ALTHOUGH Fritzie Zivic is considered one of the dirtiest fighters in the history of boxing, he is also considered one of the best.
One of five boxing brothers from Pittsburgh, Pa., Zivic turned pro as a featherweight in 1931. By 1936, he was ranked in the top 10 in the welterweight division. He staged intra-city rivalries with other Pittsburgh fighters such as Billy Conn and Charley Burley. Zivic was notorious for using his head, elbows and thumbs as effectively as his fists. And while he was often admonished for those tactics, few could argue that Zivic also displayed tremendous determination and courage inside the ring.
In 1940, Zivic beat Sammy Angott to earn a shot at the welterweight crown. He made the most of his opportunity, upsetting the great Henry Armstrong via 15-round decision at Madison Square Garden to become the welterweight champion.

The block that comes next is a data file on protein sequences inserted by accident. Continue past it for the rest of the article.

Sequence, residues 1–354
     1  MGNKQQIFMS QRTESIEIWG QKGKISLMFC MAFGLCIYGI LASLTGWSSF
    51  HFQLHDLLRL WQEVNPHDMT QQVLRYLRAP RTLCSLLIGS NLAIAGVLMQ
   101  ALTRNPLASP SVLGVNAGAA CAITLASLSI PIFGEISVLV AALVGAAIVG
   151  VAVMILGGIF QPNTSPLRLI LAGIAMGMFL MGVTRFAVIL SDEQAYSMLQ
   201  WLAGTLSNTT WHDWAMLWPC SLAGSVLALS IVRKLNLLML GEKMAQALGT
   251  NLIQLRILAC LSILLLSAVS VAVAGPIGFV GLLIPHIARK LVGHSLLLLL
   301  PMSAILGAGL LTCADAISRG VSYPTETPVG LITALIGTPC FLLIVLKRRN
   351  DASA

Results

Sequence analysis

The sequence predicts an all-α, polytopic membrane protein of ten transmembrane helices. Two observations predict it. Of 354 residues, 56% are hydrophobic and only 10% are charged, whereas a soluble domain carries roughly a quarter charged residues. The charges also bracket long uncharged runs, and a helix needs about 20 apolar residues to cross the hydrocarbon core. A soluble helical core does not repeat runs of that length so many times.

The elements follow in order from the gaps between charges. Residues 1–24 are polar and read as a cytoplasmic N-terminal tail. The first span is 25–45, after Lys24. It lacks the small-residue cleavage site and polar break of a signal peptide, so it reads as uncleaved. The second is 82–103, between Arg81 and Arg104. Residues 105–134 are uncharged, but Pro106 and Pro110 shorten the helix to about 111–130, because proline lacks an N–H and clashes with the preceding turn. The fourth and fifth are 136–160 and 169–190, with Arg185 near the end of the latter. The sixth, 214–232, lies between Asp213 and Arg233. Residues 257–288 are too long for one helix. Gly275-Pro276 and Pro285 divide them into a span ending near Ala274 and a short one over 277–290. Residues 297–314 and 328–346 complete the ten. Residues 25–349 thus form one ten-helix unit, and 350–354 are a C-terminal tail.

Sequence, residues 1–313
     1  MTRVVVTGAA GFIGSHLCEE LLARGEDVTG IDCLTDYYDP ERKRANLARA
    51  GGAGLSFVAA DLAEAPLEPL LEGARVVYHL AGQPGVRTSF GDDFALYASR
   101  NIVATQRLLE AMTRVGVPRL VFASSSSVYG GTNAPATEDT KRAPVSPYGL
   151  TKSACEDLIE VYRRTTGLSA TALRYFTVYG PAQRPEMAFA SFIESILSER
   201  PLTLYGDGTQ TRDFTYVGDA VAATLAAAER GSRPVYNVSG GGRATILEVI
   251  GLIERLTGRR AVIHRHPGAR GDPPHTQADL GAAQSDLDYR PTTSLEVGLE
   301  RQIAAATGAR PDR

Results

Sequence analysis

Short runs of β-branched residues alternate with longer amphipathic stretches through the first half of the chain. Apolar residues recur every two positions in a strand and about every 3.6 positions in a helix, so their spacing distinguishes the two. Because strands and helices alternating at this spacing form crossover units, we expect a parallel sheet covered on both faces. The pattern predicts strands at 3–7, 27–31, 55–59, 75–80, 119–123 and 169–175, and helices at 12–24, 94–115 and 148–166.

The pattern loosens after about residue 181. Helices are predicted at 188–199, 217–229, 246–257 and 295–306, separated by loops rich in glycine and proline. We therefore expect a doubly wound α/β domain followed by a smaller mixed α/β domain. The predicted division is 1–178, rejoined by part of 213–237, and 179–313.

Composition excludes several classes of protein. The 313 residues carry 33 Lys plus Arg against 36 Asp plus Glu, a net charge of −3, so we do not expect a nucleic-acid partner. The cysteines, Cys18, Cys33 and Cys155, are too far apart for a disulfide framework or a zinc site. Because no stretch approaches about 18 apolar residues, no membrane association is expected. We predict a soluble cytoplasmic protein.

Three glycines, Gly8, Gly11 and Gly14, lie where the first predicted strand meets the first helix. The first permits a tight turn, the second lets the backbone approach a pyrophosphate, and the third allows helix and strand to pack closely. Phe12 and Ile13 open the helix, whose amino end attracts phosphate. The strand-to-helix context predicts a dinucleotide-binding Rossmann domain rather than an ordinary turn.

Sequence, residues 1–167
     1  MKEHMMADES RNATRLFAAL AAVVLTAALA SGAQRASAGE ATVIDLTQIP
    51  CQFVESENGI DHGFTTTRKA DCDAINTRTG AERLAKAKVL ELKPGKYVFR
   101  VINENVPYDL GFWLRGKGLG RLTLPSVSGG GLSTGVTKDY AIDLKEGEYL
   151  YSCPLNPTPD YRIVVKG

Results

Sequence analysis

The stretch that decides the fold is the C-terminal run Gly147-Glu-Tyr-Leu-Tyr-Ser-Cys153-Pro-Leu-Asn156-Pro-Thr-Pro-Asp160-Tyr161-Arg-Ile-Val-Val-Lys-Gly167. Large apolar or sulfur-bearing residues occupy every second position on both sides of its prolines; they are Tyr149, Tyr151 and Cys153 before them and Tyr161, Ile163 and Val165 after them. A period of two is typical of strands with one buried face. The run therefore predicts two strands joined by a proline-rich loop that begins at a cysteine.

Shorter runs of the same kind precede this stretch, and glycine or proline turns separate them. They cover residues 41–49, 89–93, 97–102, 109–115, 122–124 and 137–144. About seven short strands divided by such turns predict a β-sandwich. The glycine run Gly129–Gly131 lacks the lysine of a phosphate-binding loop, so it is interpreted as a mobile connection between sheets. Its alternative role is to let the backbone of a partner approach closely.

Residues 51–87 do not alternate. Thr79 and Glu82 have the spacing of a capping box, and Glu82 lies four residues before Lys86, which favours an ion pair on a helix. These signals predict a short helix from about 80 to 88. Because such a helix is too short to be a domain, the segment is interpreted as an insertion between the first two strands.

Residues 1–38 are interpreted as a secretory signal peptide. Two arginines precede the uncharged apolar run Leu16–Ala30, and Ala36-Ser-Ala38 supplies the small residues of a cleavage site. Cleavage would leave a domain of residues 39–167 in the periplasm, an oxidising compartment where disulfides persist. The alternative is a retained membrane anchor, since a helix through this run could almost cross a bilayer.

In 1941, Zivic won a rematch with Armstrong, stopping him in the 12th round. But he would lose the crown in his next defense, dropping a 15-round decision to Freddie "Red" Cochrane. Although Zivic fought for another eight years, he never challenged for a world title again.
Still, the brawling Zivic met the best fighters in the world -- ranging from lightweight to light heavyweight -- for the remainder of his ring tenure. From 1941 to 1946, he met Sugar Ray Robinson, Lew Jenkins, Jake LaMotta, Beau Jack, Bob Montgomery, Tommy Bell, Billy Arnold and Freddie Archer. Zivic continued fighting until 1949, winning his last two fights. In fact, in his second to last fight, he beat the respectable Al Reid. In all, Zivic met seven future Hall of Famers and nine world champions.
Born: May 8, 1913
Died: May 16, 1984